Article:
Oct 8, 2014 4:24 PM
California grounds air tankers after deadly crash
The Associated Press
SACRAMENTO, Calif. (AP) California's fleet of air tankers was temporarily grounded Wednesday after one crashed in Yosemite National Park, killing the pilot.
The grounding left the park service with a single contract helicopter assisting firefighters battling a blaze that had grown overnight to 210 acres and led to the evacuation of 60 homes in Foresta, on the famed park's western boundary.
The community was not in imminent danger and was benefitting from containment lines created during a previous fire, said Yosemite National Park spokeswoman Kari Cobb. There was no containment on the so-called Dog Rock Fire, which forced the closing of the major western entrance into the heart of the park.
Four California Department of Forestry and Fire Protection aircraft had been fighting the fire Tuesday afternoon, including three air tankers dropping retardant as the fire climbed a steep canyon wall north of the Merced River, said department spokeswoman Lynne Tolmachoff.
One of the planes hit the canyon wall, disintegrating and spilling pieces of the twin-engine aircraft onto State Highway 140, which remained closed Wednesday. The pilot's flag-draped body was recovered Wednesday and was accompanied by an honor guard as it was turned over to CalFire officials.
Geoffrey "Craig" Hunt, 62, of San Jose, was a 13-year veteran pilot of Dyncorp International, who flew the air tanker under contract with the state.
"We know wildland firefighting is an inherently dangerous job, but Craig made the ultimate sacrifice," CalFire Director Ken Pimlott said in a statement.
Michael Sansbury, deputy chief ranger at Yosemite National Park, said several search units converged at a crash scene that was almost a quarter-mile long. The recovery was more difficult because of the active fire in the area, he said at a news conference Wednesday.
DynCorp International provides pilots for all CalFire planes and maintenance for the department's aircraft.
The precautionary stand-down affects only the department's fleet of 22 S-2T air tankers like the one involved in the crash, said CalFire spokeswoman Alyssa Smith.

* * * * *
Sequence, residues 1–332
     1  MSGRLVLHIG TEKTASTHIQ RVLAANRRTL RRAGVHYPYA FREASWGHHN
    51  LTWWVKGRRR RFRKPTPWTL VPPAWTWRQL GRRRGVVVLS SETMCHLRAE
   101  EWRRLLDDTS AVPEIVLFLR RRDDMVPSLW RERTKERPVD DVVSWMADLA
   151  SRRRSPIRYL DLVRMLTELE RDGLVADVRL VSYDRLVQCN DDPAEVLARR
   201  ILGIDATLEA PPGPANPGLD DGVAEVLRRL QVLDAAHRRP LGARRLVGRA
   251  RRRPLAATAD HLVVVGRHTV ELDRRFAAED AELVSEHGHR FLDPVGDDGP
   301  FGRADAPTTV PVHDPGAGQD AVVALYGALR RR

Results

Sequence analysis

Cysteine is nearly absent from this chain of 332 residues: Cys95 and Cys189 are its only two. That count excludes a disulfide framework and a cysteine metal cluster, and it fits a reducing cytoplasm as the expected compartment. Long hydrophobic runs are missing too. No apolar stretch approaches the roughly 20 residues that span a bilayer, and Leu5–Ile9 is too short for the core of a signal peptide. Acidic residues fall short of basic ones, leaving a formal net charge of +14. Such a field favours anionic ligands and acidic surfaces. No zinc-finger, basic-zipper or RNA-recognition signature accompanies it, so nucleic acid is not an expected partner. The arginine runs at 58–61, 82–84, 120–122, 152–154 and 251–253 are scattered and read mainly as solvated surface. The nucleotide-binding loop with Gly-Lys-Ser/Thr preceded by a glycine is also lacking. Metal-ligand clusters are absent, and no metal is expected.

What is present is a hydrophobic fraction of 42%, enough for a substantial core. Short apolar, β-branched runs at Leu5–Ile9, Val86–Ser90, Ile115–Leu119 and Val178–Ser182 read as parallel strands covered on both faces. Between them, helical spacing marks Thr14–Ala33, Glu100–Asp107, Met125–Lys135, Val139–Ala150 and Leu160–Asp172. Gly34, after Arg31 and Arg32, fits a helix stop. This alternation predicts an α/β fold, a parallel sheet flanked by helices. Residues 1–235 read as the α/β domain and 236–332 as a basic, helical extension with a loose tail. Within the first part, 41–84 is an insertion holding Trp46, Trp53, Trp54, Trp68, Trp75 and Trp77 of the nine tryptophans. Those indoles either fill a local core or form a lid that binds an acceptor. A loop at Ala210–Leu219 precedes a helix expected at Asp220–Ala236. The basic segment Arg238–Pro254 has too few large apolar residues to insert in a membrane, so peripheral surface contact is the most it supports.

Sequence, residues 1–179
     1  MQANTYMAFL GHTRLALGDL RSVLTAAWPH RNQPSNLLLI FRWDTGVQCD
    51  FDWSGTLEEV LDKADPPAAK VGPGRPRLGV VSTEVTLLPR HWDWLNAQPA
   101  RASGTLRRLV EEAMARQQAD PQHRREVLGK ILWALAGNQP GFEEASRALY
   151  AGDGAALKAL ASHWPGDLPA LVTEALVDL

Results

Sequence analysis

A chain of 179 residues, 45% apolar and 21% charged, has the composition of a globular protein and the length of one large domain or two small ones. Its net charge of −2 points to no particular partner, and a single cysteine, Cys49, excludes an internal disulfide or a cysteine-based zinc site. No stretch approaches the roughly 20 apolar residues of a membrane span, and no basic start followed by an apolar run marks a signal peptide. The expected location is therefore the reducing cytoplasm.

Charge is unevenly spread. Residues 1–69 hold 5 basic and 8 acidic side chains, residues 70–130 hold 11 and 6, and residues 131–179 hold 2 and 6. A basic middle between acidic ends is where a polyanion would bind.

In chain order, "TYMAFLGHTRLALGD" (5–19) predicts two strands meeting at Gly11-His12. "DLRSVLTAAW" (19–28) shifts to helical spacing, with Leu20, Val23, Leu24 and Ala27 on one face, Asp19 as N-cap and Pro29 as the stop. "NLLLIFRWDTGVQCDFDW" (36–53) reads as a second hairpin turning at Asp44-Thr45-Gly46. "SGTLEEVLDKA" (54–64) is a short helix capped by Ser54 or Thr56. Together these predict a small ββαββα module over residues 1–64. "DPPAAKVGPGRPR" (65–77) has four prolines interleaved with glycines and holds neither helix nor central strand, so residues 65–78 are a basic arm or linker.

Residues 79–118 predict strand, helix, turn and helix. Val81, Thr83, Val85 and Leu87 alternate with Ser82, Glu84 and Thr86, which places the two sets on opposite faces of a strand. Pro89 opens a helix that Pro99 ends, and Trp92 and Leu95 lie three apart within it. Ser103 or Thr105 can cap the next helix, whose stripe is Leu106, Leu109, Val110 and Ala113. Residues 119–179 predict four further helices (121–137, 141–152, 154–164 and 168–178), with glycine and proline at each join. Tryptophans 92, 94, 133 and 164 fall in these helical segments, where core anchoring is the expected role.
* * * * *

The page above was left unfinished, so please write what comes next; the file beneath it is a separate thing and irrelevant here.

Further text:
The department's helicopters are available to help fight wildfires in a fire season that has been extended by drought and unseasonably hot and dry weather, she said, as is a DC-10 that is on standby and is capable of dropping large amounts of chemical fire retardant. The agency can also call on aircraft under contract to the U.S. Forest Service and other federal agencies, or call out specially equipped California National Guard helicopters and air tankers.
"They are available and ready if needed," Smith said.
Cobb said the park service had its own contract for the helicopter that was being used to fight the fire.
"We definitely still have enough resources to effectively fight the fire," Cobb said.
Smith said her agency had been assisting the Forest Service on three other fires burning in Northern California. It was not clear how long CalFire's grounding of the S-2T aircraft will last she said.
"We call it the safety stand down and make sure we check on the safety of our pilots as well as our aircraft," she said.
The last time the S-2Ts were grounded was in 2001, when two of the aircraft collided while fighting a fire in Mendocino County, killing both pilots, she said.
Pilots of a different type of aircraft were grounded for the same reason in 2006, when a fire battalion chief and a pilot were killed while observing a fire in a two-seat plane in Tulare County, she said.
The Federal Aviation Administration and National Transportation Safety Board were investigating the crash. Officials said the weather at the time was clear and the winds were calm.
Tolmachoff said it was unclear if smoke from the fire or isolated updrafts or downdrafts created by the canyon walls may have played a part in the crash.
"That's a huge part of the question that the investigators are going to be looking at," she said.
Associated Press Writer Sudhin Thanawala contributed from San Francisco.